On and Off the Beaten Path

Wow, what a blog break, huh?   It was somewhat unintentional.  I knew that the week out of town would involve some heavy travel days, but I had no idea that the nights would be so busy, or that I’d be too zonked to do anything except rest when I wasn’t driving.    Plan A was to write during some of the hotel down time.   Here’s to Plan B.  It’s good to be home, but we have memories well worth capturing.

The first leg of the trip took us to the home of a lady who, though I’ve not known her for very long, I consider a dear friend.   In fact, my friendship with Karen is a true testament of the power of social media.   We met as blog buddies several years back, and its rare that I’ve found someone with soooo much in common with me–even down to our jobs as college instructors online and our love of professional football.   How cool is that??!!    Our first time meeting face-to-face was in 2009, and when she offered us her home for the night in route to our final destination, I could not pass on the opportunity to see her again.    The youngest, remembering their littlest angel from our first meeting, packed up tutus and heels for dress up, and off we went.   Right before we left, though, I “dug” through my Photobucket album in the anticipation of some then and now shots.

Here are the youngest ladies two years ago:

And then on last week:

Of course, both moms have changed a bit, too, in two years.   This was our first connection two years ago:

And aging like fine wine today:

One of the realities of growing kids and dynamic families is that you can’t always catch everyone at the same time.   So between work, school, and extended vacations, these were what was left of either family:

As much as we enjoyed the Shaw family, we moved on to the second leg, and the primary reason for our trip: a visit to one of the most gorgeous college campuses I’ve ever seen, minus the 40-degree drop in temperature–  🙂 .

It’d been a long time since I’d walked a college campus!   That’s me in the bright yellow hat, taking the stairs one groan step at a time.

At times, I thought I heard the distinct moo-ing of cows as we were being herded through the campus as one group of many, but overall, I felt really pleased with the information we received, the connections we made, and the potential for our daughter to consider this campus home for four years.     But, as is often the case, the more memorable part of a vacation is the trip you didn’t plan to take.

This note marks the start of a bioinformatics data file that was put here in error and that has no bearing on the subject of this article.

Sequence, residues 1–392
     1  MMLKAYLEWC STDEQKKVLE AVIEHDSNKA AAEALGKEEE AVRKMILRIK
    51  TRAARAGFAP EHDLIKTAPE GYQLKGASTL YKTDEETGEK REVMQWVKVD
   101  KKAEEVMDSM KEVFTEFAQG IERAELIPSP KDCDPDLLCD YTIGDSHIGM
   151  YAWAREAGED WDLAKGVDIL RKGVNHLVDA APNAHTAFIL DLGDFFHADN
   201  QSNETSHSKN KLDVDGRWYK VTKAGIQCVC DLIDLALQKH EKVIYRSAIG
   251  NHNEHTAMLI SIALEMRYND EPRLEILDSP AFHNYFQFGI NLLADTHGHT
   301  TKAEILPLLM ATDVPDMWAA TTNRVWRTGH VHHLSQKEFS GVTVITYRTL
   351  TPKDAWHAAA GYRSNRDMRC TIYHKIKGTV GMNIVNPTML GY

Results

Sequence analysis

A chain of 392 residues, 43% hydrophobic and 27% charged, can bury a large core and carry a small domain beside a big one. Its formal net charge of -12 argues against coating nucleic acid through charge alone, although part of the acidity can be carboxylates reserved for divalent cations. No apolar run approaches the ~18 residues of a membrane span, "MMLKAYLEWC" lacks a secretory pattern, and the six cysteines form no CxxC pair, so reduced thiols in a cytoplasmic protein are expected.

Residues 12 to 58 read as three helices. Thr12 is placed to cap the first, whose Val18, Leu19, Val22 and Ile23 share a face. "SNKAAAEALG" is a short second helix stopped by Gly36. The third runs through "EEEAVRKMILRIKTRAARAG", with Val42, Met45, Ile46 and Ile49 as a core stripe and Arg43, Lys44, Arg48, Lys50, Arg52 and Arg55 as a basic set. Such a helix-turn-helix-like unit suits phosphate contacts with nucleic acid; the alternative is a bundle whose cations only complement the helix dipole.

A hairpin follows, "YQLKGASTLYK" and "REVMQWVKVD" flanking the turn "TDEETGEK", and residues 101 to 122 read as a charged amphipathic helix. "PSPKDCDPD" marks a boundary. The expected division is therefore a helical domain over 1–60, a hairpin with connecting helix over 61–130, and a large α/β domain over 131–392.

One of the many things I love about my husband is his willingness to coordinate a trip, inclusive of finding all kinds of fun, inexpensive, out-of-the-way family stops in or near whatever town we plan to visit.   I’m always tickled when we talk about a certain trip and tell people where we went, and they’ll say something along the lines of “I never even knew that was there!”    This time, we found ourselves in the middle of nowhere at Purina Farms, milking cows,  and seeing dogs do more things than I think that food we buy at the store is totally capable of (smile).

Most of the dog shows happened at a speed that was entirely too fast to capture on our cameras, but the above shot is of the border collies herding ducks.   The trainer was demonstrating why border collies aren’t the best dogs for children because of the nipping they do at cows, ducks, etc., to keep them in line.   After this show, she only had to convince me once.

 

Well, with 1-1/2 weeks away, I’ve much on the brain!  Get ready for some serious rambling!  God bless.

Thankful

Plan A was to write this post on last week before we began our fall semester, but the days have been busy, friends.   With what looked like an open window of time and opportunity, I decided to take advantage of an offer to complete a certification for work over the next four weeks.   I’ve also spent a significant amount of away-from-the-computer time completing last-minute preparations for school.   Those preparations included modifying my original syllabus for the 2nd high schooler in our home, detailing economics lesson plans for our budding junior (11th grade) and taking advantage of the recent tax-free weekend to purchase a few last resources for our growing littlest girl, now in 3rd grade.  College ended a couple of weeks back, and for seven days we rested.   Then we were at it again.   Dance began the day after school started for our youngest, at least.

Before any flurry of activity began, though, I had an opportunity to attend the Heart of the Matter online conference.   I make a point of listening in when I can each year.   Usually, our school has been in session for about 3 weeks by then, so my immediate take-aways are few, and I have to wait for the mp3s to be available for longer-term inspiration.   This year, because of the oldest’s college schedule, I had whole mornings to sit while the younger two slept.  I absorbed so much richness, and, almost as if by divine intervention, the schedule of my days at that point afforded me ample time for sweet reflection before our school days kicked off.

We are now entering our 8th year of homeschooling, and though anxiety will, on occasion, rear its unattractive head, on most days, I’m truly thankful.

I’m thankful for my earliest homeschool education in the importance of setting the environment for learning to occur.   I sometimes look over my pre-homeschooling wish lists and plans to make our home friendlier for all day.   Little of that has actually happened.   Our learning centers are still not full of all the many educational games and toys that I intended to buy.   I never purchased the piano I wanted (and placing one in the space I’d planned for it would now severely limit the kids from moving freely in their self-created dance space).   Thank God I couldn’t afford all that pricey curriculum that I took the time to extract from the catalogs; I don’t know that the kids would have been more knowledgeable, but we would have been a lot more broke.